NGC Ancients: Coins of the Seleucid Kingdom – Part Three

Posted on 11/14/2023

With this third installment, we complete our journey through the history and coinage of the Seleucid Kingdom.

Last month (in Part 2), we ended with the death of the power-seeking queen Cleopatra Thea (125 to 121 B.C.). From this point onward, the kingdom became even more fractured and weakened, leading to its eventual downfall.

This month, we’ll pick up with the rule of Antiochus VIII (121 to 96 B.C.).

The above silver tetradrachm shows the portrait of King Antiochus VIII. The reverse has the Hittite god Sandan standing beside a winged lion on what usually is described as an altar.

Antiochus VIII was the son of Queen Cleopatra Thea and her second husband, King Demetrius II. The young Antiochus VIII initially ruled together with his mother, but eventually turned the tables on her after she attempted to poison him. He ruled a few years before he was faced with civil war, led by his half-brother, Antiochus IX (114 to 95 B.C.). This war broke what little cohesion was left in the kingdom, with some cities changing hands multiple times during the conflict. Antiochus VIII eventually was assassinated by his war minister.

This 20mm bronze was issued in the names of both Antiochus VIII and Cleopatra Thea. The obverse shows the radiate head of the king and the reverse features an owl standing on an overturned amphora — a design familiar from the silver tetradrachms of Athens, which circulated widely in Greece and the Near East.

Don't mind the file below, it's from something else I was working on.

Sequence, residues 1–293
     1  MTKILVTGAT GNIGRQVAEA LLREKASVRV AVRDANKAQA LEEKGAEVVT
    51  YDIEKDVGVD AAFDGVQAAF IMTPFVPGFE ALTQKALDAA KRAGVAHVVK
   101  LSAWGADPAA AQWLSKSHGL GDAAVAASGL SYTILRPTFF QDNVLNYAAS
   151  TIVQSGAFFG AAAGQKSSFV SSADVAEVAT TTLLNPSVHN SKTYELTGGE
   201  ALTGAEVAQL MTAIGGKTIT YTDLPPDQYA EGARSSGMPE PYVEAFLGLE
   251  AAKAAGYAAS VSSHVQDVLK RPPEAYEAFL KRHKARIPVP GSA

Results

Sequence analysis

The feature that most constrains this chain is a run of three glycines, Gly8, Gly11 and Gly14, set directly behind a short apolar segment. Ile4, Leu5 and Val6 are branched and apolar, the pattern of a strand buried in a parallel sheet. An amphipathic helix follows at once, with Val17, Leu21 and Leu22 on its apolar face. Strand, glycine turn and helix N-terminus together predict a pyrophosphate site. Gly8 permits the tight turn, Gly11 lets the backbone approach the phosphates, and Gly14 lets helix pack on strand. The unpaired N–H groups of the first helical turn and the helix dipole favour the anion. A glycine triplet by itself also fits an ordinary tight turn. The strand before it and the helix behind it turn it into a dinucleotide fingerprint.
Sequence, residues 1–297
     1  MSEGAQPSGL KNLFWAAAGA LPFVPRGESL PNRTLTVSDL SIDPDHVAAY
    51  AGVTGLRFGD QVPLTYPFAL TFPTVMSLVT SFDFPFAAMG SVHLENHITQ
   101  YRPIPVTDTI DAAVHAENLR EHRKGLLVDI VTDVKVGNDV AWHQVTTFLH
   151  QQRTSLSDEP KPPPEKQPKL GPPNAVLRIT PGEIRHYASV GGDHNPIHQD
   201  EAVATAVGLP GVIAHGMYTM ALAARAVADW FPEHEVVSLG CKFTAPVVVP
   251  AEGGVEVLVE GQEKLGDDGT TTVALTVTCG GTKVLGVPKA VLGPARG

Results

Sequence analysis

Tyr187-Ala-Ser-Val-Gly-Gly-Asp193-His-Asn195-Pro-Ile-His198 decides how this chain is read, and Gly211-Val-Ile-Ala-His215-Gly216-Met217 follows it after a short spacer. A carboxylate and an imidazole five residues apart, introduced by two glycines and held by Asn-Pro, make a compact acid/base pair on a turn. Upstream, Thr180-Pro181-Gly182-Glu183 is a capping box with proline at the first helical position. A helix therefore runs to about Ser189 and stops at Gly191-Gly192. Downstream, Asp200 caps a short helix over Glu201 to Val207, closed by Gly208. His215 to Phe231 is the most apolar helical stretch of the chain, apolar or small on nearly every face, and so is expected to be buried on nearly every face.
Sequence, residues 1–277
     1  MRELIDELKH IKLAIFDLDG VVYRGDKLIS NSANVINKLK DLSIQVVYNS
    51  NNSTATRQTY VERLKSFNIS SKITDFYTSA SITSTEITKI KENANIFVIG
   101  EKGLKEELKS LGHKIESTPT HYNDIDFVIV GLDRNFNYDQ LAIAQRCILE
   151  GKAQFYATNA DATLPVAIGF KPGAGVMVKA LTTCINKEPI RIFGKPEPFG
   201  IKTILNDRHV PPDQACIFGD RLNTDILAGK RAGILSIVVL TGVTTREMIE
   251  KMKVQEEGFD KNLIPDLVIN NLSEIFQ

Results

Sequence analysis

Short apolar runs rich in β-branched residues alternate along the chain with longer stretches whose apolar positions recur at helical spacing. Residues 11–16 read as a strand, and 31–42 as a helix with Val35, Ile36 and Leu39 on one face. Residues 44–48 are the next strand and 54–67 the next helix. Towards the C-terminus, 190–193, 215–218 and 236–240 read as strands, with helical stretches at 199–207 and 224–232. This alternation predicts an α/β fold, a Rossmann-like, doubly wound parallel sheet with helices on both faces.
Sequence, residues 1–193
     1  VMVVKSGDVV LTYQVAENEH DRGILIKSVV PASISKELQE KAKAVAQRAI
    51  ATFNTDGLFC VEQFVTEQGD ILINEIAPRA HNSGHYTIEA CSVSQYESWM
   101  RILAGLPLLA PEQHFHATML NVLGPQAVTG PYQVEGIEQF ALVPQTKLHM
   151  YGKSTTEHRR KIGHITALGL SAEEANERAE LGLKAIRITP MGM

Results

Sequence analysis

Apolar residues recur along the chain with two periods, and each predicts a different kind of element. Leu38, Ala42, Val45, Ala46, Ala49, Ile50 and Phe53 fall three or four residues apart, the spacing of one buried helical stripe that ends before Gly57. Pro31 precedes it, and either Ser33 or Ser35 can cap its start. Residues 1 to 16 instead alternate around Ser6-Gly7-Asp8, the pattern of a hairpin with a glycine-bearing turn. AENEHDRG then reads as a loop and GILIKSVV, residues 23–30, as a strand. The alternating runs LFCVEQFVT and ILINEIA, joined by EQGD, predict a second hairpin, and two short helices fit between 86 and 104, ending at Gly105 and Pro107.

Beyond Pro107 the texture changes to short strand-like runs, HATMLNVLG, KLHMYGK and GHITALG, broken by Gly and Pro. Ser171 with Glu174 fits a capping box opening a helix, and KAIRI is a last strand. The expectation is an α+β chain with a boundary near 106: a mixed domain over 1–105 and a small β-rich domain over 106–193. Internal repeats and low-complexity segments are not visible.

Antiochus IX, shown on the silver tetradrachm above, was the son of Cleopatra Thea and her third husband, King Antiochus VII, making him a half-brother of his rival Antiochus VIII. Their civil war caused the kingdom to be split between them, and it would never come back together completely. Antiochus IX was eventually captured and killed by yet a new contender, his nephew Seleucus VI (96 to 94 B.C.).

The stern portrait on the tetradrachm above introduces us to Seleucus VI. He was the eldest son of Antiochus VIII and the first of his brothers to become king. After the murder of his father in 96 B.C., Seleucus VI waged against his uncle, Antiochus IX (who still reigned over part of the kingdom), eventually killing him. He was known as a tyrannical and violent ruler, which caused his subjects to rise up against him, resulting in his being burned to death.

The next to rule was Antiochus X (94 to 88 B.C.), the son of Antiochus IX. He is shown above on this 20mm bronze. His reign is not well documented through historical sources. It is known he fought against his rival claimants, losing control of his part of the kingdom. He then disappears completely from the historical narrative.

After the fiery death of Seleucus VI, two of his younger brothers, Antiochus XI (94 to 93 B.C.) and Philip I (95 to 75 B.C.), shared the throne. The attractive silver tetradrachm above shows the jugate portraits of the two brother-kings. The reverse shows Zeus holding Nike.